Bills & Aches & Blues
Various Artists | 4AD
Genre: Indie rock
Key track: Junkyard
Formed in 1980, 4AD is a record label owned by the U.K.-based Beggars Group. Founded by Ivo Watts-Russell and Peter Kent as Axis, the label changed its name upon discovering that the name already existed.
Right from the onset, the imprint became associated with some of the most exciting artists in the emerging goth rock, dream pop and alternative genres. Bands associated with the brand included the Pixies, Bauhaus, Dead Can Dance and others. All highly respected, the label’s first big hit was M/A/R/R/S 1987 international smash Pump up the Volume.
Over its four-decade history, such acclaimed acts as St. Vincent, Bon Iver, The National and Future Islands have released albums on 4AD. Present roster heavy-hitters include Grimes and Big Thief.
To celebrate its 40th anniversary, the idea of having current acts cover songs of their own selection from the back catalogue resulted in Bills & Aches & Blues. Featuring 18 covers, the album proves that 4AD is sitting pretty entering its fifth decade as a label.
Here are five things to know about the album:
1: Junkyard. U.S. Girls tackle this seminal grinder by the Birthday Party. Where Nick Cave’s old band was all about scaring your ears with grinding blasts of bluesy noise, this version is driven by strings, echoing percussion and a very slinky organ. Many familiar with the original will be surprised how well it works as a plaintive love song rather than a rocker.
2: Cannonball. Leave it to Tune-Yards to make this “hit” by the Breeders into an off-kilter, atonal slice of slightly weird space groove. The cover holds surprisingly close to the original in most ways, almost sounding like a cut-and-pasted remix than an actual new take on the tune.
3: Postal. One of the lesser-known early acts on the label was the sublime Piano Magic, whose lush and dreamy soundscapes couched some surprisingly appealing pop into their grooves. Denmark’s experimental is a great choice to render the song anew. Oddly, they sound more than a little like the Magnetic Fields.
4: Gigantic. Few bands have quite as devoted a following as Pixies, and only a select group of artists has covered the Boston quartet’s songs. This piano instrumental may indeed be the same chords in the same sequence as the original, but anyone would be hard-pressed to hear any of it here. In many ways, this makes this the most experimental and challenging cover on the entire album.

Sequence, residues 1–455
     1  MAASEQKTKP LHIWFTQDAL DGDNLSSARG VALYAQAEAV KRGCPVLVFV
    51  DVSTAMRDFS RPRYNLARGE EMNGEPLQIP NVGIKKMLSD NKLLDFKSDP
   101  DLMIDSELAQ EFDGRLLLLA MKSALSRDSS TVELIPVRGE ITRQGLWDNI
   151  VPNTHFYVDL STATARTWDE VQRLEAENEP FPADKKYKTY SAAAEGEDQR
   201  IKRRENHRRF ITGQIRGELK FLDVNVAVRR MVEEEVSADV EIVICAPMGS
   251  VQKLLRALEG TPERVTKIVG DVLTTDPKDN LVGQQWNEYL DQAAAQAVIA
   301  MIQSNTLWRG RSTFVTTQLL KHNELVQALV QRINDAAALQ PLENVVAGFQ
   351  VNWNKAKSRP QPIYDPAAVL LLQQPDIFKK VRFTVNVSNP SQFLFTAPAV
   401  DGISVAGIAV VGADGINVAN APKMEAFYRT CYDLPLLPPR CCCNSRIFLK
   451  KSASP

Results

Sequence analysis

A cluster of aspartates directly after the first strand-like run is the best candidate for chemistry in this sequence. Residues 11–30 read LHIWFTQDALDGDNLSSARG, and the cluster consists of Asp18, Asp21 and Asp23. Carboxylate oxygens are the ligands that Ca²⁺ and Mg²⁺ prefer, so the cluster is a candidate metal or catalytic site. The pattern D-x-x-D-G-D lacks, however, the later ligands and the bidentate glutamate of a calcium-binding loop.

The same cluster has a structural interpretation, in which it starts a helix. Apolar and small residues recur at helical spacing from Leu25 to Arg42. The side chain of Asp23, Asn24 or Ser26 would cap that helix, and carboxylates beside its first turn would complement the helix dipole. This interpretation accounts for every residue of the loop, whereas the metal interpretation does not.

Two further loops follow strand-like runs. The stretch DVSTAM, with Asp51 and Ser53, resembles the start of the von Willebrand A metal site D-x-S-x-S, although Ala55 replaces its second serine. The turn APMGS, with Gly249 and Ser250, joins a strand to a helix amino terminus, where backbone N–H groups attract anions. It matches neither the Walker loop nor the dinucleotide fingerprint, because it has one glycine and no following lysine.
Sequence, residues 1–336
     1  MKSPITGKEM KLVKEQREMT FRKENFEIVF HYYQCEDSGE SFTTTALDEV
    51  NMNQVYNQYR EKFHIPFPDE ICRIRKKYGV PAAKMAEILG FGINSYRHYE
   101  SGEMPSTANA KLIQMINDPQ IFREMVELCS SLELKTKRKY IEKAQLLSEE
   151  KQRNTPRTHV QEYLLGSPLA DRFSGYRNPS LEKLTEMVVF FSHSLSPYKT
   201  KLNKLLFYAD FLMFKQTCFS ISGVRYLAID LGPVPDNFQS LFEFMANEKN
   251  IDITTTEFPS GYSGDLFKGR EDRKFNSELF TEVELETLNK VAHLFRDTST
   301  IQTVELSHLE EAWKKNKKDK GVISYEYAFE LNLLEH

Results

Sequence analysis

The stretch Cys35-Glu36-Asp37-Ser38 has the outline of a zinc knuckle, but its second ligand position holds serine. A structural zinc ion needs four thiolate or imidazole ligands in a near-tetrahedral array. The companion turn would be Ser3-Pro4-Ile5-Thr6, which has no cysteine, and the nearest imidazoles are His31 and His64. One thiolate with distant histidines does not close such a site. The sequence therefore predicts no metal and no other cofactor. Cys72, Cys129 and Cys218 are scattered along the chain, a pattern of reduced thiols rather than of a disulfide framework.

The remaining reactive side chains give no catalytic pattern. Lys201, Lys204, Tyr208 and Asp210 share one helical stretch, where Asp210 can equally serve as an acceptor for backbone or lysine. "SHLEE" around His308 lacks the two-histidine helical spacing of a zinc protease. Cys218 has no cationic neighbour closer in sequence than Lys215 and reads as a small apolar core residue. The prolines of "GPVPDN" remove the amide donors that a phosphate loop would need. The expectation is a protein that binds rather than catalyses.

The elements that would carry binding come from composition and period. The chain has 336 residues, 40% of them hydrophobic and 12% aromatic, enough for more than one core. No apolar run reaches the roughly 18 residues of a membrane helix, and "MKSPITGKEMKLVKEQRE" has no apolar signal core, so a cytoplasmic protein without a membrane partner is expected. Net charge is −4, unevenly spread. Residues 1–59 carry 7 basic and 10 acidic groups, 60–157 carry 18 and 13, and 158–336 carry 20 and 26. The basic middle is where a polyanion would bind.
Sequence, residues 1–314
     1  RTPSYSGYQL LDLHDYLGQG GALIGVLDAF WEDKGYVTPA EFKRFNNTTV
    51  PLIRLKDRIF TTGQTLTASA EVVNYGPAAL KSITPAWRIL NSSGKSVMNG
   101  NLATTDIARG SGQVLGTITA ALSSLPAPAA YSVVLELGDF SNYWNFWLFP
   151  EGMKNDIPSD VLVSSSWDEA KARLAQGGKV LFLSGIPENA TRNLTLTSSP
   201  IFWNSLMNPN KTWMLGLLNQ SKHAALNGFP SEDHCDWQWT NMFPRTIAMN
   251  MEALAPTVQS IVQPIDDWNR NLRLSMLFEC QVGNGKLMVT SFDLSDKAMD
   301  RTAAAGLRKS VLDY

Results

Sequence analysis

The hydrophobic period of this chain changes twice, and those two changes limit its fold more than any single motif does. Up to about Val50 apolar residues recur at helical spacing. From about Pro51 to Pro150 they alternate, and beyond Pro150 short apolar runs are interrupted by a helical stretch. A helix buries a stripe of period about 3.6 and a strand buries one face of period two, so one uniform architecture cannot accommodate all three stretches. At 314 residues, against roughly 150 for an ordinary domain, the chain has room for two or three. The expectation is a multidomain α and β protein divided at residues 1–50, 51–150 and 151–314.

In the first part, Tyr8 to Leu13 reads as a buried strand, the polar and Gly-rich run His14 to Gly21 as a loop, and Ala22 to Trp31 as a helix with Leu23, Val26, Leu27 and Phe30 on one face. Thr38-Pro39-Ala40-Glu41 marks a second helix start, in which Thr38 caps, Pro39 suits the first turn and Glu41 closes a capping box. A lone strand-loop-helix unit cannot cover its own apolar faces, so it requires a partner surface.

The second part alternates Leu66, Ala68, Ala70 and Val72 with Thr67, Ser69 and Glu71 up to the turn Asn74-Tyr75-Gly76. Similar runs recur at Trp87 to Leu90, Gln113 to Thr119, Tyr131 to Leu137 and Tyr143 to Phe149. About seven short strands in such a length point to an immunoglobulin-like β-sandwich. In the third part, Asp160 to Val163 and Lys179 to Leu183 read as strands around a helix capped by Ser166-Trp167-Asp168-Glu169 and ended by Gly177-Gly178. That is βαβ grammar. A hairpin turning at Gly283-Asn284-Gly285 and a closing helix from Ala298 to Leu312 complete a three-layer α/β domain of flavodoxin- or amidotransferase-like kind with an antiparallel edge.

5: Sunbathing. Jenny Hval takes the shoe-gazing sonics of Lush’s song and turns it into an atmospheric, psychedelic whisper draped in seemingly endless reverb and delay. One wonders if the technology to make records sound like this had existed at the time of the original recording if it would have sounded quite similar.
Alex Little & The Suspicious Minds
Waiting to Get Paid | Light Organ Records
Key track: Across the City
Fronted by singer/guitarist Alex Little, this Vancouver quartet has all the right elements to become very popular. The band’s 10-song debut features a sound that inhabits a late-’80s/early-’90s Los Angeles sound very much like the Go-Go’s on songs such as the catchy single Big Lies, as well as the more post-punk pulse of Waiting to Get Paid or rootsier Dead Cold Eyes. Little is a powerful singer who delivers the, often, heavy lyrics with the kind of cool detachment that screams rock star. Guitarist Andy Bishop also deserves a shout-out for his sharp, cutting leads that really shred.
Ensemble Mik Nawooj
Death Become Life | ensemblemiknawooj.com
Key track: Death Become Life
Definitely not your average rap crew, this Oakland-based ensemble fairly describes its music as “orchestral hip-hop.” Composer JooWan Kim tackles such heady subject matter as the loss of his mother to Who Would Be Born, inspired by hippie-era author Herman Hesse’s book Demian. Backed by beats, strings, brass and woodwinds, the album could best be described as progressive-rock-meets-rap. The Fountainheads Suite that closes out the album includes three pieces that break down the work of classical music icons Mozart, Beethoven and Bach. So, yes, not your standard subject matter or music.
Nancy Sinatra: Start Walkin’ 1965-1976 | Light in the Attic Records
Key track: Summer Wine
Forever associated with These Boots Are Made For Walkin’, singer Nancy Sinatra gets a much-needed career overview from the expert compilers at Light in the Attic Records. While songs such as How Does That Grab You, Darlin’ are little more than follow-ups to her big hit, tunes such as the swinging light pop of Sugar Town or the blasting Lightning’s Girl show off a singer with both range and a pretty memorable growl. Also included in the 23-track set are Sinatra’s duets with Boots writer Lee Hazelwood and these nine tracks are total gems. Particularly the moody Summer Wine and back-porch boogie version of the Johnny Cash classic Jackson.
Ocelot | 577 Records
Key track: Post
Brooklyn-based JUNO Award-winning pianist Cat Toren joins forces with reeds player Yuma Uesaka and drummer Colin Hinton for this impressive trio date. Written over a year’s worth of gigging, including a 2019 residency in New Haven, Conn., the eight-track recording is very different from Toren’s previous work. Beginning with the atmospheric deliberations of Daimon II, a short, pensive piece showcasing Uesaka’s tenor saxophone, the album moves from the near-ambient Factum to the lovely closer Crocus with constant invention and surprises. This is outside jazz that can certainly appeal to listeners who aren’t sure they like such sounds.